Climate change has affected agriculture also. The heat waves are reducing paddy and wheat output. In some parts of the country, there are droughts, in others, there are floods. Over 75 percent of India’s districts are vulnerable to extreme climate. Apart from climate change, government policies proved counter-productive. For instance, Punjab accounts for 1.53 percent of land area of India. It uses about 23 percent of the total pesticides used in the country. Environmental problems are neglected.

India needs to rejuvenate around 30 MH by 2030. Economists say India can adopt sustainable traditional practices like crop rotation, using bio-fertilisers, and integrating pest management through the judicious use of pesticides. Of course, more funds are needed for adaptation of farming to climate change. The National Adaptation Fund for Climate Change (NAFCC) was established in 2015 to meet the cost of adaptation to climate change for the States.

Indian agriculture has become a victim of natural calamities like droughts and floods. Hence, crop insurance has special significance. Pradhan Mantri Fasal Bima Yojana (PMFBY) offers farmers compensation for crop losses arising from non-preventable risks. Farmers are expected to pay nominal premium (1.5 to 2 percent); the premium burden is equally shared between the Centre and the States. The States are not showing interest. They say while premiums are distributed evenly across participants, claims are cornered by a few.

An expert committee headed by Ashok Dalwai revealed between 2016 and 2021, PMFBY saw a decline in participating farmers (362 lakh to 248 lakh), and States (22 to 19), with shrinking coverage (474 to 387 LH), despite a sharp rise in premiums.

Access to institutional credit for our farmers needs to be stepped up. The Budget 2023-24 promised to increase agriculture credit target to Rs.20 lakh crore, with focus on animal husbandry, dairy and fisheries. The agriculture credit has increased from Rs 4.75 lakh crore in 2011-12, to Rs 18.5 lakh crore in 2022-23.

The performance of cooperative banks is good. They have achieved 95 percent of target in agriculture loans disbursed in 2021-22, accounting for 12.8 percent of the total agriculture loans. These loans increased from Rs 1,57,367 crore in 2019-20 to Rs 2,17,849 crore in 2021-22.

Of course, there has been misuse of agriculture credit. There is also skewed regional distribution of credit. Also, agriculture credit is directed towards production, while marketing and post-harvesting remain neglected.

The Government is depending on the new technology. Data collection through drones leads to resource efficient nutrient application. The data facilitates crop production forecast, and evidence-based planning. They are helpful in a number of spheres ---relief packages, water use efficiency and irrigation, crop loss estimation. The farmers are given Rs 6,000 per hectare by the Government, if they hire drones from custom hiring centre.

There is a plea for regenerative farming. A project undertaken by Chennai-based food and agri-tech start-up, WayCool through its model farm Outgrow Agriculture Research Station (OARS) in regenerative farming has shown that cultivation costs can be reduced, while enriching the soil organic carbon value. Research revealed when the regenerative farming is integrated with right crop selection, know-how and resources, the results are rewarding. Crop diversification is the major principle of regenerative farming (Business Line, January 23, 2023).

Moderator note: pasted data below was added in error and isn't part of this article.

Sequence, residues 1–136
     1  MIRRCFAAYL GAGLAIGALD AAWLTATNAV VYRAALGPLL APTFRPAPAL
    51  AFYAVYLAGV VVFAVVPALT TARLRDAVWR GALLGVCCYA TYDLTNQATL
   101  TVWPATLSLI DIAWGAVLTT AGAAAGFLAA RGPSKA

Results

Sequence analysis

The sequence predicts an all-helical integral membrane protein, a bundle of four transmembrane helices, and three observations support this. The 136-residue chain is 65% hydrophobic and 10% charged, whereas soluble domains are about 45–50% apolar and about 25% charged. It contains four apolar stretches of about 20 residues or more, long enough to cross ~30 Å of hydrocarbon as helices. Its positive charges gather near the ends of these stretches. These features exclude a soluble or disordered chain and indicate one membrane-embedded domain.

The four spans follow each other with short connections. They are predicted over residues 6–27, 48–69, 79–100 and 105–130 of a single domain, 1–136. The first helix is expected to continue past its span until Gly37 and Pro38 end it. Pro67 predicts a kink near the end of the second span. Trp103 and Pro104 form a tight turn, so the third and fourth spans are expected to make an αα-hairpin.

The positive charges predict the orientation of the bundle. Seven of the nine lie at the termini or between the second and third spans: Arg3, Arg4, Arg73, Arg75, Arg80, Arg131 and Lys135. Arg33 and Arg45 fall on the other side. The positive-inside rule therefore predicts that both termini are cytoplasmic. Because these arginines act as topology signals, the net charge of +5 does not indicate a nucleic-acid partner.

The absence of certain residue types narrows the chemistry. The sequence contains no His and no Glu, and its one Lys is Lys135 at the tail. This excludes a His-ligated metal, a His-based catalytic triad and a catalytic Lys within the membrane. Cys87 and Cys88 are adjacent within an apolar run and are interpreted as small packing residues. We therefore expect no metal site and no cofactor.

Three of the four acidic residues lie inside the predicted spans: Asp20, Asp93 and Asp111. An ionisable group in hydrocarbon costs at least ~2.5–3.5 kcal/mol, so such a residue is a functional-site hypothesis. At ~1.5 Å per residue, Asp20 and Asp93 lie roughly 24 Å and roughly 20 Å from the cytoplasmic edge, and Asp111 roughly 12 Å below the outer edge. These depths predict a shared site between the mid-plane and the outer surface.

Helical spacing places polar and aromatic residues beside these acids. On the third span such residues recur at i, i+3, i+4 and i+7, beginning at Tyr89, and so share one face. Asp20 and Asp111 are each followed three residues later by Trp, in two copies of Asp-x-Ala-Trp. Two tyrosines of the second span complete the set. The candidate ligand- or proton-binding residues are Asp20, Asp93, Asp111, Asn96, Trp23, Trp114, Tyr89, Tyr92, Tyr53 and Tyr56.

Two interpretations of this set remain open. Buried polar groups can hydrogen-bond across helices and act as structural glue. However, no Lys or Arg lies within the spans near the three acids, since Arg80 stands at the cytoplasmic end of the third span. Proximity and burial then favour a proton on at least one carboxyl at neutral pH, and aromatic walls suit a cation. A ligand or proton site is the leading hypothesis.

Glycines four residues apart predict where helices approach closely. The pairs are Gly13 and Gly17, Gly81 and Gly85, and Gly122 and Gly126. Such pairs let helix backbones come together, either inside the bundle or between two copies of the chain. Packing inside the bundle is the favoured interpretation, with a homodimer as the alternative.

The farmers should be provided with new sources of income. For instance, agri-tourism offers opportunities to farmers to get additional income. It is making progress. Agri-tourism includes a variety of activities and services. It is a low-investment, low-risk sector. Rural youth should be trained. Launching of an awareness programme is badly needed. Local administration should be strengthened.

Farmer Producer Organisations (FPOs) present the power of aggregation—famers come together, form an organisation which collectively buys inputs and sells the produce. They assume importance because in India nearly 46 percent of land holdings are small, and contribute 51 percent of output. Strengthening FPOs will raise farmers’ bargaining power and help them achieve economies of scale. The Government wants to promote 10,000 FPOs.

Cooperative farming has not become popular. Group farming should be encouraged. In Telangana, some women agriculture workers/farmers have sown the crop collectively, and shared the cost and the income too collectively. These small groups enjoy financial and social autonomy by doing collective farming on leased land (The Hindu, March 8, 2021).

Scientists at the Central Research Institute for Dry-land Agriculture (CRIDA), an organ of ICAR, have developed an early warning system called Farmers Distress Index. The index can sense imminent distress at least 3-4 months ahead of its actual occurrence, allowing to take preventive steps. It also indicates the level of distress (Business Line, April 17, 2023).

At the Agri & Commodity Summit 2023, arranged by Business Line (January 6, 2023), Ashok Dalwai, CEO, National Rain-fed Area Authority (who headed the Committee on Doubling Farmers’ Income), has said technology and more land to horticulture would double farmers’ income. Also, Indian agriculture has to move from food security to nutrition security.


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Vol 56, No. 17-20, Oct 22 - Nov 18, 2023